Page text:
‘The ties were cut and smashed between that point and the mouth of the tunnel. where the first car hit the concrete partition pier separating the north and the south sides of the tunnel. It was determined that the loss of life occurred almost entirely in the wooden cars of the train when they were dashed against the steel pillars, which cut like giant scythes through the sides of the cars and through the passengers packed inside them.’ ((The New York Times.: 11.4.1918.: THE MAYOR TO BEGIN B.R.T. INQUIRY TODAY)) If you knew what you were saying. If you could hear yourself, I mean. No—actually. If you knew what you were saying. If you could hear. There is in sound the imperative. Something irreparably fractal. Something rhizomatous. If you knew what you were saying. If you knew that sound of catastrophe is the blue midday. How many at any given moment are above and beneath you there is the blue midday? What is this sound in the blue midday? As a contact shoe touching and the smoldering sewage behind. A hand never too near. Or depth in devoid of light for things that sit beneath the tracks is an other notion of now seeing. Do we our whiskers grope through sound is blue midday?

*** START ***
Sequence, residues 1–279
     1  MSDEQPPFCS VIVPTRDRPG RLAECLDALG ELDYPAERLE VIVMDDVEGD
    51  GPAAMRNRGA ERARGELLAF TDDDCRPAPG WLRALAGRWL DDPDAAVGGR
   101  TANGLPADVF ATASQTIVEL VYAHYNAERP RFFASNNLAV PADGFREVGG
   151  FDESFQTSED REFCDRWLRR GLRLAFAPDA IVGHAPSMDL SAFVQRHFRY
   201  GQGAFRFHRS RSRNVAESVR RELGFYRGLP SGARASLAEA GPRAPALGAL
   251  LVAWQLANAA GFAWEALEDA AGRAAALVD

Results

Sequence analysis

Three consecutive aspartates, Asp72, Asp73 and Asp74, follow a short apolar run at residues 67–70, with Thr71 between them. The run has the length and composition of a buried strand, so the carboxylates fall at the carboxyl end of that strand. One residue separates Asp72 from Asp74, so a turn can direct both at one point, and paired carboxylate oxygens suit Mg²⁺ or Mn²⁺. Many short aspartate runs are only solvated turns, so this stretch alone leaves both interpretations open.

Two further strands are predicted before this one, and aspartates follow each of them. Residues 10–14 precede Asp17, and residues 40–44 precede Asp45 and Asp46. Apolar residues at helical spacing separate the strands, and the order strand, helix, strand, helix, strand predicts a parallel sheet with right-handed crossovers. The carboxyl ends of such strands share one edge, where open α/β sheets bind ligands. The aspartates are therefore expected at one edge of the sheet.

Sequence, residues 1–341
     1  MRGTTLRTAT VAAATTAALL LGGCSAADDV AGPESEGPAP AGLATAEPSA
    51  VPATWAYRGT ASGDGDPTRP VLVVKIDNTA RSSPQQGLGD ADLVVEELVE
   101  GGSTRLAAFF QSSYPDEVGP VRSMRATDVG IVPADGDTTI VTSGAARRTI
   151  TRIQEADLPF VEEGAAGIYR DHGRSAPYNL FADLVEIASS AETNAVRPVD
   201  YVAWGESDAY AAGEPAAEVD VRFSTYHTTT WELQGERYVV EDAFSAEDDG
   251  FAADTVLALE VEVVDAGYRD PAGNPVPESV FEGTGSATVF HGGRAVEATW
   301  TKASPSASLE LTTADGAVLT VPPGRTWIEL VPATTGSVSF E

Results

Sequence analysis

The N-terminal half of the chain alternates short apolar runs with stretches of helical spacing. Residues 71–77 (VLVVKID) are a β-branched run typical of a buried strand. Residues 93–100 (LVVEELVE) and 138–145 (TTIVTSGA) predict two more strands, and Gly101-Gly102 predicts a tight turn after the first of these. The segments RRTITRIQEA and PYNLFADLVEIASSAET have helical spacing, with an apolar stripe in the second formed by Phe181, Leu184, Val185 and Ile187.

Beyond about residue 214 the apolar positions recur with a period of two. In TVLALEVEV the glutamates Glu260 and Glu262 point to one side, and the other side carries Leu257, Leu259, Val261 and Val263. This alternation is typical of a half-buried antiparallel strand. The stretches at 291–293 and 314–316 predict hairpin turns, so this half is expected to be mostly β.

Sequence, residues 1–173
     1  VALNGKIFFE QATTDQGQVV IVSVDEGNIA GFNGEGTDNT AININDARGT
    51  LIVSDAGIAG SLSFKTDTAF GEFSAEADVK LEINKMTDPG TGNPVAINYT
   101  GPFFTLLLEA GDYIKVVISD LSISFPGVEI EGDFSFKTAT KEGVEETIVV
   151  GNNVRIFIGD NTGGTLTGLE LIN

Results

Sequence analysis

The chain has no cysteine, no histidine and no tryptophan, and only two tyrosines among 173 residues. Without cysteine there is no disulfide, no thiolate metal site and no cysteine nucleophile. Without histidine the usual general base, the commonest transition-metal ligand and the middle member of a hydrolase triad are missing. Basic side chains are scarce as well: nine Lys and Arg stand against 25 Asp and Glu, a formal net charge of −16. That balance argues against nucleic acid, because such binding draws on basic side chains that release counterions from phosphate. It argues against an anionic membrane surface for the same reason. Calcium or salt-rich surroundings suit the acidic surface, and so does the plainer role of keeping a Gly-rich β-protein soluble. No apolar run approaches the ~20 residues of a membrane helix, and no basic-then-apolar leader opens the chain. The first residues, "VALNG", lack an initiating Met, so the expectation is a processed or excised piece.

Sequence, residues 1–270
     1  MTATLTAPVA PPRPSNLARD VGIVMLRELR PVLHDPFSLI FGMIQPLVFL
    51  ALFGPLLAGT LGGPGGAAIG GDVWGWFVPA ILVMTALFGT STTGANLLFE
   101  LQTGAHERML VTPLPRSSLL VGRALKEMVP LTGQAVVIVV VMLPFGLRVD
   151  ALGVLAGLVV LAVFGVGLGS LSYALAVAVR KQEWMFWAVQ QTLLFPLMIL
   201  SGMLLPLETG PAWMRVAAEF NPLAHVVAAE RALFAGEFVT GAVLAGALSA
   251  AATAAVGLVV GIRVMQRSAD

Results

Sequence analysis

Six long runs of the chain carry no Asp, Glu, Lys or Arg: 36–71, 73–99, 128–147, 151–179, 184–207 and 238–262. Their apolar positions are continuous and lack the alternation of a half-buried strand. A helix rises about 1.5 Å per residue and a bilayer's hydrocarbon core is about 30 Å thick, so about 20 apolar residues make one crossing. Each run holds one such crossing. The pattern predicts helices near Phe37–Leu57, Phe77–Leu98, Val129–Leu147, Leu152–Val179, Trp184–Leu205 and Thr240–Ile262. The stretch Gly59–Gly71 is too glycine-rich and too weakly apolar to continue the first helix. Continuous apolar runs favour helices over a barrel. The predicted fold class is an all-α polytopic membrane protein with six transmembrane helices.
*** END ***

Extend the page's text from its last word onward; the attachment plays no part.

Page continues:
A refinement of the sense is necessary. Right off the Hudson, by Vark. A Kawasaki plant in Yonkers. Kawasaki Heavy Industries Limited. Tokyo owned, Yonkers operated, in a building that was once the Otis Elevator Plant. Operating under United Technologies Corporation, the plant was closed in 1982. From the vertical to the horizontal chords of the subterranean bent snakeways. $16 million in taxpayer grist as investment of good faith in the modernization of Otis Elevators. It is now Kawasaki Rail Car Inc. Tokyo owned, Yonkers operated, stainless steel makers of the stainless steel R160B model. Where we sit, imagining the hand of Yonkers. Wearing safety goggles. With soot in bed and sinus of nail. Ember showers and disappear. Under many machines. A loud grooming sound. Riveting America. The factory built of a distinguished red brick. A red brick smokestack projecting its emulsions into the blue midday. Where Salomón III, for four years, worked as a heavy-crane operator. In his fifth year with Otis he was assigned to overseeing elevator repair-part production. Never lacking in ambition, per se, but dutiful. A forced hand I’d imagine. I had twelve by the death of the Second and my brother never complained. The spitting image of Salomón II in heart and mind, but the Third wore a softness of character that the Second kept hidden. This wasn’t entirely absent in the Second, but hidden. As when, in elementary school, he watched as I lost a fight in the yard. He walked over slow and stately, dispersing the crowd. He said nothing to me. Tears running down my face. He held my hand, which fit cleanly in his palm, as I recall, and we walked to the corner store. He bought me a creamsicle. Orange was my favorite color. I could never forget that, there in the Second. Funny. The fights, bone and muscle forget. The scars though. And that was often his intention. We learned. We ate fear behind. My father, not long after my fight, found a pack of Winstons in the Third’s bedroom. He dragged all the Solnidos, Mami, Mom, and Payín, into the living room round midnight. The pack of Winstons in the dim lamplight of the coffee table. His lawyer lamp with the green glass shade over the bulb and the brass stem. I remember. The Second opened the pack and handed the Third a Winston. Lit it for him and stepped back a mile into the dark as my brother in the catbird seat took nervous drags. Down to the filter. Where you going to put it out? My father asked from beyond the glow of the lamp which only caught, just like that. My brother at the end of the Eames at the edge of the Eames chair. The dark rowhouse of the bookshelf behind. Womenfolk in the umbra. The Second stepping forward then, at the edge of light. Emerging. My brother looked starved for air, trembling. He, in a craven whisper I remember, attempted to resist. please. His hand reaching up toward the approaching Second with the smoldering butt glowing in the dark between his thumb and index finger. please. Then in the light said Second to Third. Open your mouth.